I haven't read the book it was based on but sometimes things in books work better in books and things in movies work better in movies.
No doubt the movie was beautiful from it's long drawn out scenes of a bunch cedars and stuff. And it's rather brilliant in it's telling of the story through EXTREEMME flashback mode.
Kazuo Miyamoto is on trial for killing Carl Heine, who may have been his friend at one point, I couldn't really tell. The backdrop is some small fishing island town in Washington post WWII and anti-Japanese sentiments still run strongly in many people. And the Japanese can't be all too quick to forget the years spent in internment camps during the war. Oh and you have the one armed newspaper guy wonder Ishmael, who just can't seem to get over his old girlfriend Hatsue, who so happens to be Kazuo's wife.
The story is told in a dizzying manner of flashbacks and court proceedings. A good indicator of whether or not something was a flashback is to see whether or not Ishmael still has both arms. The shifting from past to present to both is constantly washed over with great tidal waves of tense strings. Much of the score includes expansively tense strings and other parts of the movie subject the viewer to talking over talking to mere silence to the annoying tick tock of a clock.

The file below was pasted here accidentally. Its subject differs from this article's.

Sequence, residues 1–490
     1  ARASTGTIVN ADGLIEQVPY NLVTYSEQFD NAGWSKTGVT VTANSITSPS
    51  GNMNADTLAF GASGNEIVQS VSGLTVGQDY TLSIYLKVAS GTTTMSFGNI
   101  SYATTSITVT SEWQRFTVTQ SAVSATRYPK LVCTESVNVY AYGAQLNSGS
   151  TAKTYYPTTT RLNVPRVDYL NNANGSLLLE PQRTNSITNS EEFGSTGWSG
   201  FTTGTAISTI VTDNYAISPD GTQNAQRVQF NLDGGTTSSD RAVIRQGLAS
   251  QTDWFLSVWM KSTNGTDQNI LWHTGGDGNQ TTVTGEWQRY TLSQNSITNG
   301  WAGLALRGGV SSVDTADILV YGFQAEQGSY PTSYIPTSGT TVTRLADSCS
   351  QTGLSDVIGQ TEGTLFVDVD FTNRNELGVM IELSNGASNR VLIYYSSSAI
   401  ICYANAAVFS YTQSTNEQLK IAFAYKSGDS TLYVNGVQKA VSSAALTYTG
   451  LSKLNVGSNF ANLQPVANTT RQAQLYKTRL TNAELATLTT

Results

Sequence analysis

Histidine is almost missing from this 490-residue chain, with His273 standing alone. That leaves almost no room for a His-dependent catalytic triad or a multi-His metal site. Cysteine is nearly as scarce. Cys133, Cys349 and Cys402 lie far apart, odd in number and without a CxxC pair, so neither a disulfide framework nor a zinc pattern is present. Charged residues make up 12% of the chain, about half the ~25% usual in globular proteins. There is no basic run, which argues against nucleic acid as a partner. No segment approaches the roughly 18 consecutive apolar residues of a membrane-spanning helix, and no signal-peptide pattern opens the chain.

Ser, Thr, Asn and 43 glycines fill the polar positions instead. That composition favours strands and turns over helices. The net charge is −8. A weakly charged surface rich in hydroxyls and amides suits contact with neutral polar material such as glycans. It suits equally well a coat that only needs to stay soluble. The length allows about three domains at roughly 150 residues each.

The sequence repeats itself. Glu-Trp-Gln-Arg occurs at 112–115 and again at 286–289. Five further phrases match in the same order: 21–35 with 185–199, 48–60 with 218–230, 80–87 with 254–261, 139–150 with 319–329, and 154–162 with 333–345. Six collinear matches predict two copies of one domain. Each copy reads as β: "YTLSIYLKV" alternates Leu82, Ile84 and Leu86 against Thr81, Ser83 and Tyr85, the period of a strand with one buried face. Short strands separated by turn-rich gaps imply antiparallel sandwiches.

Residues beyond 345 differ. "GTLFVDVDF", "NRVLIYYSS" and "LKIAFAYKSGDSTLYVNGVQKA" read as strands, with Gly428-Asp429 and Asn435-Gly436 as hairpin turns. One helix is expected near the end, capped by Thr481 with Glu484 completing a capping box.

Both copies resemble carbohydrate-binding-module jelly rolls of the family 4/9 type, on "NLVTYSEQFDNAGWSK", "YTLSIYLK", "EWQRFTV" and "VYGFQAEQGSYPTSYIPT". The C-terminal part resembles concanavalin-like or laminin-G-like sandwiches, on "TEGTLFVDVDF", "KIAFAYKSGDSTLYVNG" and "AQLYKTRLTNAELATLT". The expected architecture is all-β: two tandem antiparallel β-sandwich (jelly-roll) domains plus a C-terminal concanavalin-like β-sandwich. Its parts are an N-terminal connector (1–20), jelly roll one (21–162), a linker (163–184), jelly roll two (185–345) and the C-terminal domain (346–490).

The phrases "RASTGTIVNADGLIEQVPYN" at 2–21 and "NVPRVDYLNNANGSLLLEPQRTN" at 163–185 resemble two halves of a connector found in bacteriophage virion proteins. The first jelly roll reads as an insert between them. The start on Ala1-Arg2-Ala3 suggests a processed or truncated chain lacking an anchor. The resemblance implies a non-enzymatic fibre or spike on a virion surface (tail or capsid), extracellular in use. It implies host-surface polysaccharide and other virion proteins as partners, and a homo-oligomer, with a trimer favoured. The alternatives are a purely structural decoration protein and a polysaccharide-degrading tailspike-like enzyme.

Too bad while all that was wonderful, it was quite boring at times to watch. It's not very confusing if one pays attention but it's confusing nonetheless and it seems to drag on and on with no end in sight. I hear the ending though is similar to the book but it seems like such a copout, though we have obvious signs to it being that way early in the film through Ishmael's own private investigating.
Maybe some people will really dig the disjointed storytelling and delightfully tragic romance being told but for others, maybe not so much.